Discretionary (Family) Trust
Use Cleardocs to create all the documents you need to set up a Discretionary Trust (also known as a Family Trust). Cleardocs can also arrange your trust's ABN, TFN and GST registrations. In a Discretionary Trust, the trustee has discretion to pay beneficiaries any amount of the trust income or capital that the trustee believes is appropriate.
The Cleardocs Discretionary (Family) Trust package includes:
- the Discretionary Trust Deed;
- Consent to act as Trustee (and related minutes if the trustee is a company);
- Certificate of ABN registration (optional extra) received direct from the Australian Business Register; and
- an Establishment Kit explaining what to do next.
Time taken to complete15 minutes.
Cost $ 143.00 (inc. GST)
Printing Optional printing, binding and delivery for $ 49.50
Legal Sign-offThe master documents are written in plain language and are signed-off by our lawyers at Maddocks.
Cleardocs also has these types of trust available:
What information do you need to order a Discretionary (Family) Trust through Cleardocs?
You can download our checklist of the information required to order a Discretionary (Family) Trust package.
What is a "Family Trust" in Australia?
The term family trust refers to a discretionary trust set up to hold a family's assets or to conduct a family business.
An Australian family trust:
- is generally established by a family member for the benefit of members of the 'family group';
- can be the subject of a family trust election which provides it with certain tax advantages, provided that the trust passes the family control test and makes distributions of trust income only to beneficiaries of the trust who are within the 'family group';
- can assist in protecting the family group's assets from the liabilities of one or more of the family members (for instance, in the event of a family member's bankruptcy or insolvency);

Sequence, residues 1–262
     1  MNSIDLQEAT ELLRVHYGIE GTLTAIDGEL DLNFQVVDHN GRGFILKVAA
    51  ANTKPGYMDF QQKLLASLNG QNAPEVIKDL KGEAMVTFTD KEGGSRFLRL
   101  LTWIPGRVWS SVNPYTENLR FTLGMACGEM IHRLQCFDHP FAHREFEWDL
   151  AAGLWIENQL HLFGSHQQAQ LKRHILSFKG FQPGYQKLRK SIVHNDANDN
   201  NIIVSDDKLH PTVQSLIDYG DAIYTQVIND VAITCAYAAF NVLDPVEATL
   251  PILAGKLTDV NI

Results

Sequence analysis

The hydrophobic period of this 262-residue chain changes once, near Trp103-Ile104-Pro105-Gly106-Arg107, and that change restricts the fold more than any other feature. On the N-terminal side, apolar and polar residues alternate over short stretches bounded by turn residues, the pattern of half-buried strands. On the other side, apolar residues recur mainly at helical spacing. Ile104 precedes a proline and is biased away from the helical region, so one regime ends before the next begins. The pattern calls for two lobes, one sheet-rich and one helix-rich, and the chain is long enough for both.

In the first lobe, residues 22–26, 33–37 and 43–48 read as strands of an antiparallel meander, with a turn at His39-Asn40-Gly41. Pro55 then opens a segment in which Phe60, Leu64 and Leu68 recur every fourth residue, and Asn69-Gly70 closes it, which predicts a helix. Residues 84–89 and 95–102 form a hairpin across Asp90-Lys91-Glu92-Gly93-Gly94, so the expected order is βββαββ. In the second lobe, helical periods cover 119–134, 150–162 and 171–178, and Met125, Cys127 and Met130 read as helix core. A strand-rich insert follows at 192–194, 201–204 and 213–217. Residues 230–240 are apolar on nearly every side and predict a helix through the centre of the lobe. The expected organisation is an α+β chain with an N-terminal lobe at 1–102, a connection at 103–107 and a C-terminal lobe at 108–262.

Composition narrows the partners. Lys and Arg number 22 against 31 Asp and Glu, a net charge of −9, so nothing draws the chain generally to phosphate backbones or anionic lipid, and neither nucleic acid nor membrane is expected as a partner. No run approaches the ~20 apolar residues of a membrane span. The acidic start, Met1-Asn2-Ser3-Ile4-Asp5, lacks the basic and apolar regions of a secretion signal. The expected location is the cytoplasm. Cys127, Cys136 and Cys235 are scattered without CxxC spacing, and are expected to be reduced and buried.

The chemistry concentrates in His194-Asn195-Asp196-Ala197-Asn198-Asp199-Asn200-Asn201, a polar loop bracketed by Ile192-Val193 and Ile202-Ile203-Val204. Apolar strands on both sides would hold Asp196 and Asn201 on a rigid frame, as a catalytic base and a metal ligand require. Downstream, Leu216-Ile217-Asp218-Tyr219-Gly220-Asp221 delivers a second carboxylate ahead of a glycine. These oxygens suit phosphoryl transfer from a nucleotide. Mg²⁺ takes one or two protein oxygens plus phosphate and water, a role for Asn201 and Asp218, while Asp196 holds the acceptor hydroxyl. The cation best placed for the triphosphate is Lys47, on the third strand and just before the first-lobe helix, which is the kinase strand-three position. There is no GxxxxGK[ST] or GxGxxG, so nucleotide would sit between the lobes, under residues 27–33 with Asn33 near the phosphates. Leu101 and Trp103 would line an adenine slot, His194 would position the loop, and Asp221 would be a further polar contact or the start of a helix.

- provides a mechanism to pass family assets to future generations; and
- can provide a means of accessing favourable taxation treatment by ensuring all family members use their income tax "tax-free thresholds".
A family trust has many other potential benefits, including avoiding issues such as challenges to the will following a death of a senior member of the family.
The Discretionary Trust Deed
The terms and conditions under which a discretionary (family) trust is established and maintained are set out in its deed.
The trust is established by the trust's settlor and trustee (or trustees) signing the trust deed, and the settlor giving the trust property (the "settled sum") to the trustee.
Cleardocs Discretionary Trust Deeds purchased in or after 2004 are compliant with the High Court's decision in Bamford's case and related ATO rulings.
Information about the settlor
The settlor's function is to give the assets to the trustee to hold for the benefit of the trust's beneficiaries on the terms and conditions set out in the trust deed. The settlor executes the trust deed and then, generally, has no further involvement in the trust.
The settlor of a Discretionary Trust must be an independent person. That person, or his or her spouse or children, cannot be beneficiaries of the trust and should not be trustees. A settlor will often be a family friend or a solicitor or an accountant who will not be a beneficiary or a trustee.
Information about the trustee
The trustee is responsible for the trust and its assets. The trustee has broad powers to conduct the trust, and manage its assets. The trustee can be a corporation or individuals.
In a discretionary (family) trust, the trustees are usually Mum and Dad (or a company of which Mum and Dad are the shareholders and directors). Their children and any other dependants are usually listed as beneficiaries.
Trust income — distributions and income tax
The Cleardocs Discretionary (Family) Trust is a trust under which the trust's trustee or trustees may distribute trust income or other trust property:
- among the beneficiaries named in the schedule to the trust deed, or
- to any one or more people who fit within the description of the general class of beneficiaries which is also set out in the schedule.
The distributions of trust income or other trust property may be made to any number of these eligible beneficiaries and in any proportion at the trustees' complete discretion.
If you require a trust in which the beneficiaries have a fixed interest in the income or other trust property, or where the class of eligible beneficiaries is restricted (say, to only blood relatives of the named beneficiaries), then you must seek legal advice. Please contact us so we may refer you to Maddocks who can provide you with a free estimate of fees for drafting a deed to suit your needs.